Back in 2009 I posted a short video Reflex preview of truncated 4D polytopes. Today I revisited that old code, reimplementing the core algorithms in OpenGL Shader Language (GLSL) using the FragM environment.

3D polytopes are also known as polyhedra. They can be defined by their Schlaefli symbol, which looks like {4,3} for a cube. This can be understood as having faces made up of squares ({4}), arranged in triangles around each vertex ({3}). This notation extends to 4D, where a hypercube (aka tesseract) has symbol {4,3,3}, made up of cubes {4,3} with {3} around each vertex.

These symbols are all well and good, but to render pictures you need concrete measurements: angles, lengths, etc. In H.S.M. Coxeter's book Regular Polytopes, there is the solution in the form of some recursive equations. Luckily the recursion depth is bounded by the number of dimensions, which is small (either 3 or 4 in my case, though in principle you can go higher). This is important for implementation in GLSL, which disallows recursion. In any case, GLSL doesn't have dynamic length lists, so different functions are needed for different length symbols.

I don't really understand the maths behind it (I don't think I did even when I first wrote the code in Haskell in 2009), but I can describe the implementation. The goal is to find 4 vectors, which are normal to the fundamental region of the tiling of the (hyper)sphere. Given a point anywhere on the sphere, repeated reflections through the planes of the fundamental region can eventually (if you pick the right ones) get you into the fundamental region. Then you can do some signed distance field things to put shapes there, which will be tiled around the whole space when the algorithm is completed.

Starting from the Schlaefli symbol {p,q,r} (doing 4D because it has some tricksy bits, 3D is largely similar), the main task is to find the radii of the sub polytopes ({p,q}, {p}, {q,r}, etc). This is because these radii can be used to calculate the angles of the planes of the fundamental region, using trigonometry. The recursive formula starts here:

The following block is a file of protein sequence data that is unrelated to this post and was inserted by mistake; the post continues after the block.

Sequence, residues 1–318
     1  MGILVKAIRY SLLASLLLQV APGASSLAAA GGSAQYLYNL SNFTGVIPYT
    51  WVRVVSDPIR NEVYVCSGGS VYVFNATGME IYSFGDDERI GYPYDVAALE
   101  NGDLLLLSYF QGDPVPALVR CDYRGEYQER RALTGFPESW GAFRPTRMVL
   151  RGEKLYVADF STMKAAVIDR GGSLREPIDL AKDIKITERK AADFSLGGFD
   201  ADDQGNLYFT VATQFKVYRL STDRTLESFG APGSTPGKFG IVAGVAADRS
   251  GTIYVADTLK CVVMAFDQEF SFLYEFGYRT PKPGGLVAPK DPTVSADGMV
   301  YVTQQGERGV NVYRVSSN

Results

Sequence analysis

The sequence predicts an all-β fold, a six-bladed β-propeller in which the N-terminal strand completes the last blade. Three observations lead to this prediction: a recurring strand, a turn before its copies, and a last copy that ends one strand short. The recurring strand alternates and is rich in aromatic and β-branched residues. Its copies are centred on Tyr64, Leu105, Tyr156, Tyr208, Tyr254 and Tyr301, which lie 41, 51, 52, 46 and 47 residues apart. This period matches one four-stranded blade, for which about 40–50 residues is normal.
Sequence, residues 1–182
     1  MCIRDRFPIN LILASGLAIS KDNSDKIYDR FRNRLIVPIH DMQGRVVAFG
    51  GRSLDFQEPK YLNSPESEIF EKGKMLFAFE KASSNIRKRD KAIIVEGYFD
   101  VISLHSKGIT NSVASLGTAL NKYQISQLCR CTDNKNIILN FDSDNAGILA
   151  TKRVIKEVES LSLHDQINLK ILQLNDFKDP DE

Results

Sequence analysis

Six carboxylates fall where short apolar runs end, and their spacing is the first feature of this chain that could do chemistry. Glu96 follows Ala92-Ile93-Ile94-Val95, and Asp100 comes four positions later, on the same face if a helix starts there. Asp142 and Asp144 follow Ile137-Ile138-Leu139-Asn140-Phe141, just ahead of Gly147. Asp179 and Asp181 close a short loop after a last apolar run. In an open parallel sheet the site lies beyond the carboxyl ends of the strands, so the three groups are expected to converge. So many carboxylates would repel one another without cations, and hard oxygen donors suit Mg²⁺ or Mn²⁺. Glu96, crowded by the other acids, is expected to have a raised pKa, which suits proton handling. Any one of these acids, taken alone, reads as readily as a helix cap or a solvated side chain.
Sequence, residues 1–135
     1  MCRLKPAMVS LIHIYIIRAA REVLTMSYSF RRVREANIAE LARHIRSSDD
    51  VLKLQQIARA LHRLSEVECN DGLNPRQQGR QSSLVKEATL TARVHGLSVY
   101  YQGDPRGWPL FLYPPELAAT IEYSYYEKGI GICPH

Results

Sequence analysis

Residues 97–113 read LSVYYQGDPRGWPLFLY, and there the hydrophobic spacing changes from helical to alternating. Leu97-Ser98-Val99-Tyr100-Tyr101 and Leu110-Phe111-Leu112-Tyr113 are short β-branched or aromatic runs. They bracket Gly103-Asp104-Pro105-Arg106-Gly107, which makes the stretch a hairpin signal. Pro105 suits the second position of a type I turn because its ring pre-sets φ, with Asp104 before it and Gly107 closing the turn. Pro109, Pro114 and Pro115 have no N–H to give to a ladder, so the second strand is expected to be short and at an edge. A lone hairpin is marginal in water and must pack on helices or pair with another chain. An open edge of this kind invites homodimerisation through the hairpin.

float radius(int j, ivec3 p)
{
return sqrt(radius2_j(j, p));
}

Here j will range from 0 to 3 inclusive, and the vector is {p,q,r}. Then radius2_j() evaluates using the radii squared of the relevant subpolytopes, according to j. I think this is an application of Pythagoras' theorem.

float radius2_j(int j, ivec3 p)
{
switch (j)
{
case 0: return radius2_0(p);
case 1: return radius2_0(p) - radius2_0();
case 2: return radius2_0(p) - radius2_0(p.x);
case 3: return radius2_0(p) - radius2_0(p.xy);
}
return 0.0;
}

The function radius2_0() is overloaded for different length inputs, from 0 to 3:

float radius2_0() { return 1.0; }
float radius2_0(int p) { return delta() / delta(p); }
float radius2_0(ivec2 p) { return delta(p.y) / delta(p); }
float radius2_0(ivec3 p) { return delta(p.yz) / delta(p); }

Here it starts to get mysterious, the delta funtion uses trigonometry to find the lengths. I don't know how/why this works, I copy/pasted from the book. Note that it looks recursive at first glance, but in fact each delta calls a different delta(s) with strictly shorter input vectors, so it's just a non-recursive chain of function calls.

float delta()
{
return 1.0;
}
float delta(int p)
{
float s = sin(pi / float(p));
return s * s;
}
float delta(ivec2 p)
{
float c = cos(pi / float(p.x));
return delta(p.y) - delta() * c * c;
}
float delta(ivec3 p)
{
float c = cos(pi / float(p.x));
return delta(p.yz) - delta(p.z) * c * c;
}

Now comes the core function to find the fundamental region: the cosines of the angles are found by ratios of successive radii, the sines are found by Pythagoras' theorem, 3 rotation matrices are constructed, then one axis vector is transformed. Finally these vectors are combined using the 4D cross product (which has 3 inputs), giving the final fundamental region (I'm not sure why the cross products are necessary, but I do know the main property of cross product is that the output is perpendicular to all of the inputs.). Note that some signs need wibbling, either that or permute the order of the inputs.

mat4 fr4(ivec3 pqr)
{
float r0 = radius(0, pqr);
float r1 = radius(1, pqr);
float r2 = radius(2, pqr);
float r3 = radius(3, pqr);
float c1 = r1 / r0;
float c2 = r2 / r1;
float c3 = r3 / r2;
float s1 = sqrt(1.0 - c1 * c1);
float s2 = sqrt(1.0 - c2 * c2);
float s3 = sqrt(1.0 - c3 * c3);
mat4 m1 = mat4(c1, s1, 0, 0, -s1, c1, 0, 0, 0, 0, 1, 0, 0, 0, 0, 1);
mat4 m2 = mat4(c2, 0, s2, 0, 0, 1, 0, 0, -s2, 0, c2, 0, 0, 0, 0, 1);
mat4 m3 = mat4(c3, 0, 0, s3, 0, 1, 0, 0, 0, 0, 1, 0, -s3, 0, 0, c3);
vec4 v0 = vec4(1, 0, 0, 0);
vec4 v1 = m1 * v0;
vec4 v2 = m1 * m2 * v0;
vec4 v3 = m1 * m2 * m3 * v0;
return (mat4
( normalize(cross4(v1, v2, v3))
, -normalize(cross4(v0, v2, v3))
, normalize(cross4(v0, v1, v3))
, -normalize(cross4(v0, v1, v2))
));
}

4D cross product can be implemented in terms of 3D determinants:

vec4 cross4(vec4 u, vec4 v, vec4 w)
{
mat3 m0 = mat3(u[1], u[2], u[3], v[1], v[2], v[3], w[1], w[2], w[3]);
mat3 m1 = mat3(u[0], u[2], u[3], v[0], v[2], v[3], w[0], w[2], w[3]);
mat3 m2 = mat3(u[0], u[1], u[3], v[0], v[1], v[3], w[0], w[1], w[3]);
mat3 m3 = mat3(u[0], u[1], u[2], v[0], v[1], v[2], w[0], w[1], w[2]);